“That’s tooth-hurty,” she said during a recent interview. “And if your friend needs to go as well, then that’s tooth-hurty-two.”
As Father’s Day approaches, Arnett is stepping in as a self-appointed “gay dad” to people online who need one. For those who have lost fathers or have difficult relationships with them, Father’s Day can be a painful reminder of missing out: all of the tributes on social media with sappy captions and endless advertisements for shaving cream and hardware, depicting idyllic parental bonds. Arnett is estranged from both her parents, so she knows how hard this time of year can be, especially amid the pandemic, when family absences and rifts have been exacerbated.
Her brand of fatherhood, in some ways, reflects cultural norms: She tweets about her interest in yardwork and beer. And she provides encouragement, kindness and a receptive ear for people in similar family situations. Last year, a Twitter follower with an unaccepting father came out to Arnett as bisexual for Father’s Day. People wanting more privacy directly message her, sharing stories of their own estrangement and loss and how much they appreciate her acceptance and care.
“It’s just a general feeling of camaraderie and unfailing support,” she said. “Maybe I don’t know what you’re doing all the time or understand it, but I support you, bud.”
Arnett’s friends in real life drew her attention to her dad-like behavior years ago, picking up on her bad puns, baseball caps and beer, before she started to lean into the persona, wearing a hat that was gifted to her with “FUN DAD” printed on the front. One of her earliest tweets, in 2018, was a selfie of her holding a can of Steel Reserve next to her French bulldog, Lola, captioned “dad says hi.”
Then, the running joke turned into a way to support others. Similarly to comedian Josh Gondelman’s spontaneous pep talks on Twitter, Arnett started to engage with her audience as if she were a little league coach, calling her 60,000-plus followers “champ” and “pal” during surprisingly fulfilling interactions.
Now, many of her followers casually call her “dad.” So she reaches out to them specifically for Father’s Day to make the day brighter for those who need it. It might not be a typical father-child relationship, but it has proven beneficial to both parties.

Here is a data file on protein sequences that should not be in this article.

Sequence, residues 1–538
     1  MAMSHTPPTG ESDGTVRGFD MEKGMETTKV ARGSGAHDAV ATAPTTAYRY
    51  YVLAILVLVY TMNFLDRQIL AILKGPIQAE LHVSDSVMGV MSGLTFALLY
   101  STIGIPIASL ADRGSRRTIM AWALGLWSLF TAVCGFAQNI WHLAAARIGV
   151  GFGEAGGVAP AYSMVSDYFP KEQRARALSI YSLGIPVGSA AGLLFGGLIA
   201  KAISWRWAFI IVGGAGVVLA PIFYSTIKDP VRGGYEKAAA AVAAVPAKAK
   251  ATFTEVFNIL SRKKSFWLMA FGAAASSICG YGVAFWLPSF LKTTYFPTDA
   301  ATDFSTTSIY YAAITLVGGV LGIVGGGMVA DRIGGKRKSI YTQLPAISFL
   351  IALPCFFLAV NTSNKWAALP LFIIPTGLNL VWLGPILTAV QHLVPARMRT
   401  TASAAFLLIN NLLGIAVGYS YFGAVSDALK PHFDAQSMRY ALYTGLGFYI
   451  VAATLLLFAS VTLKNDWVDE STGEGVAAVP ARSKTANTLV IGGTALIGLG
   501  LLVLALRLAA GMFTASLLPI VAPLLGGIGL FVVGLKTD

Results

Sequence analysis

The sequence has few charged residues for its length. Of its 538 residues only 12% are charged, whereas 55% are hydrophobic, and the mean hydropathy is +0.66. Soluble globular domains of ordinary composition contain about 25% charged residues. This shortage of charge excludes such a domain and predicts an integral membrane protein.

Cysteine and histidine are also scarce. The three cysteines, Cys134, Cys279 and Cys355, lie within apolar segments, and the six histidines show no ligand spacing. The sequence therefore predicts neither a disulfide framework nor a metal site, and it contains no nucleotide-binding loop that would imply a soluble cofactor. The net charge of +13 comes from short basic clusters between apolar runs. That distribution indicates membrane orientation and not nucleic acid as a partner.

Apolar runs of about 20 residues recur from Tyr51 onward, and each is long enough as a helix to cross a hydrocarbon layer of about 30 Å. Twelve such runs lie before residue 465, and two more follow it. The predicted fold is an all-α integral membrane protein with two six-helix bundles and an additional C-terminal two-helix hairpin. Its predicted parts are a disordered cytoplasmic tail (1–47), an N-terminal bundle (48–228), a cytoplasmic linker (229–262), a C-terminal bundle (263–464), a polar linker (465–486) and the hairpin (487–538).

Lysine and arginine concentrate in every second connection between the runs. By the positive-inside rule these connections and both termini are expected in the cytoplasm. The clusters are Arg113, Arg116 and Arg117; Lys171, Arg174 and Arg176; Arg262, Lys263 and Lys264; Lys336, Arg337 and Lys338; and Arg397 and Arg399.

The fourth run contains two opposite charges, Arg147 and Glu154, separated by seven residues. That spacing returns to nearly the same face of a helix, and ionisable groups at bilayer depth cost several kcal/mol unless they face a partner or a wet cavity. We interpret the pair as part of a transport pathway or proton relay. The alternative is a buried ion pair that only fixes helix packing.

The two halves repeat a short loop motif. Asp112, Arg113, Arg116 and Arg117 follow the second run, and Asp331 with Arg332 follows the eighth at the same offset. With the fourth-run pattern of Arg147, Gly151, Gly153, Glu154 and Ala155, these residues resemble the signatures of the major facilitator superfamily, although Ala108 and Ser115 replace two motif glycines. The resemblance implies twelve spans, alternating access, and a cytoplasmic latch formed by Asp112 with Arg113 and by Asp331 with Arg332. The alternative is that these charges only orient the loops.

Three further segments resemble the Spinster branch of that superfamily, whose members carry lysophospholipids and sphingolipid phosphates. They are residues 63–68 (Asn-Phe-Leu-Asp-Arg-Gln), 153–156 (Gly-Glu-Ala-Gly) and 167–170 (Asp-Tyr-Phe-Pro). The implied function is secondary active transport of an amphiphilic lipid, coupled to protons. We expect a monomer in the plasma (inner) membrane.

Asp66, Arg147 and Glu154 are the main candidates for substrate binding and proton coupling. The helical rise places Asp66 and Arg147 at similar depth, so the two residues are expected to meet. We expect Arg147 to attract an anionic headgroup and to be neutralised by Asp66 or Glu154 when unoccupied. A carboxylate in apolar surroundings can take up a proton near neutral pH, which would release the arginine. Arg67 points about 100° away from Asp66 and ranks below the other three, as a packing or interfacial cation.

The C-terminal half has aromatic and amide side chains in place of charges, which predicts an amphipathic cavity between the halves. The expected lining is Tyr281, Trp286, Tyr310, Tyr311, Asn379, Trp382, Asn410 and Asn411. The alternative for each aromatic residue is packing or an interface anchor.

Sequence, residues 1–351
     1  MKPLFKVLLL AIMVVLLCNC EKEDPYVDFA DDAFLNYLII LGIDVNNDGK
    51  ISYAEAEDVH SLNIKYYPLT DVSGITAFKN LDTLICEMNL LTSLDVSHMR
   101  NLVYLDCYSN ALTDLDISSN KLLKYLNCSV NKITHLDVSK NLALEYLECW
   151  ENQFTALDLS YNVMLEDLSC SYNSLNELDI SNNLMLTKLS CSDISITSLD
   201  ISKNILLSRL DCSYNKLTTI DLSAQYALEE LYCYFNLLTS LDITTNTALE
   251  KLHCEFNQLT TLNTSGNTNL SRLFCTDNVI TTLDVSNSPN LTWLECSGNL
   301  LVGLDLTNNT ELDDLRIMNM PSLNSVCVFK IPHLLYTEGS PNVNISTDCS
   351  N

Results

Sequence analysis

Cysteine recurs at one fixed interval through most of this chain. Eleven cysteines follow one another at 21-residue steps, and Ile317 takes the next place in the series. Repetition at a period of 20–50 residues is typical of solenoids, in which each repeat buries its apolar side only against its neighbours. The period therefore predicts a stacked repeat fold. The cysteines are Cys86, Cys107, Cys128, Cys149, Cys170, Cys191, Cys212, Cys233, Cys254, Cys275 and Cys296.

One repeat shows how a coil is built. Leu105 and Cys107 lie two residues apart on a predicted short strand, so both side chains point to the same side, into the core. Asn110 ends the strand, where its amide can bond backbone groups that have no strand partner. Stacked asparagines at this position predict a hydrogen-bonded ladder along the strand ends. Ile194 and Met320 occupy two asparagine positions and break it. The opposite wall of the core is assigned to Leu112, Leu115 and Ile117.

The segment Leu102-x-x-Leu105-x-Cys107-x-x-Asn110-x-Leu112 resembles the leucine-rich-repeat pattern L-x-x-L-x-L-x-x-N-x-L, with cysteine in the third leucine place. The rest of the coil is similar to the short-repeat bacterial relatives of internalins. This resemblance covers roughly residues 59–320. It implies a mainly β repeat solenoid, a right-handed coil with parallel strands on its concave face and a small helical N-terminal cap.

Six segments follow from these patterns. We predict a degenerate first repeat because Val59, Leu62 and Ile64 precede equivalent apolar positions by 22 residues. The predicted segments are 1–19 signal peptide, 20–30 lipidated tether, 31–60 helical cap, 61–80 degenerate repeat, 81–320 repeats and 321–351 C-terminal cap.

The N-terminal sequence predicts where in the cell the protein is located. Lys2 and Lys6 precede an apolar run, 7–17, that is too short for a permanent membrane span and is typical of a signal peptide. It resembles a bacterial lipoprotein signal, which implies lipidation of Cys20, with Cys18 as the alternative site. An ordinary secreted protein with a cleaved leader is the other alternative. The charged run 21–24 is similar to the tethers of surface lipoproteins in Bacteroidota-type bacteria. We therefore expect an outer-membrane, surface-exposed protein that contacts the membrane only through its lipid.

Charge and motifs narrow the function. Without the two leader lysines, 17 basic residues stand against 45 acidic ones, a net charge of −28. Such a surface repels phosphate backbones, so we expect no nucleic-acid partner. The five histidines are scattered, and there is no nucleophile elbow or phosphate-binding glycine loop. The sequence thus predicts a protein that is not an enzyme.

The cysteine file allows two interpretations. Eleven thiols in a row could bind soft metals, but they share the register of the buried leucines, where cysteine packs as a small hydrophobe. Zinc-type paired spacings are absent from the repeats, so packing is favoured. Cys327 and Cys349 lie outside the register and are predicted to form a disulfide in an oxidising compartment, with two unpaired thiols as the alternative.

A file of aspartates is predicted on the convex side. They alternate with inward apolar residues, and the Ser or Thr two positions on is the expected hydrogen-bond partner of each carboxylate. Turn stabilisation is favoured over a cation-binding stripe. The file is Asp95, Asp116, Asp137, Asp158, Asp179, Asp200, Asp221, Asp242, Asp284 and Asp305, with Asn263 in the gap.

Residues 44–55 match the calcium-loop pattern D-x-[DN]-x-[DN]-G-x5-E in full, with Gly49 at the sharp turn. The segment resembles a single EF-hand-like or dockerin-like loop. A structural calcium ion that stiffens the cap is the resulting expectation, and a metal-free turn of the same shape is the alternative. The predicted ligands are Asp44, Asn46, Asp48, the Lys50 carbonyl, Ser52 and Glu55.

“I had a person who follows me whose parent had died within the last four months who said, ‘This was the first post I saw that didn’t make we want to cry,’ ” Arnett said. “It just made me feel good.”
It’s a queer twist on the anonymous parenting and gentle encouragement that’s emerged online, in the vein of the “Need a Dad for a minute?” subreddit, where people seeking advice or support talk to other users taking on the role of pretend parents.
“Most of the time people just want some encouraging word or to feel like someone else is there,” she said. “I know as a person who wants this for myself, that’s just a human need.”
This year, a week before Father’s Day, Arnett gave away 10 copies of her new novel “With Teeth,” released this month by Riverhead Books. The resonance of gifting this book — an occasionally violent portrait of complicated queer family dynamics stripped of sentimentality — to those with difficult or distant relationships with their dads isn’t lost on her.
“This is a book about mess, and we’re all kind of in a mess together,” she said. “I hope people are able to look at that and see a little bit of their own mess in there, and see other people’s, and see that it’s okay.”
Arnett’s own plans for Father’s Day consist of drinking a couple sweaty beers outside — maybe a Florida-brewed Jai Alai IPA — and thinking about the fulfillment of being, if only for a few tweets, the dad she wishes everyone got to have.
“It’s a gentle little reminder that you’re not alone,” she said. “There are people who care about you, even if you don’t have a father in your life; there are people who can fill those roles and actually do care.”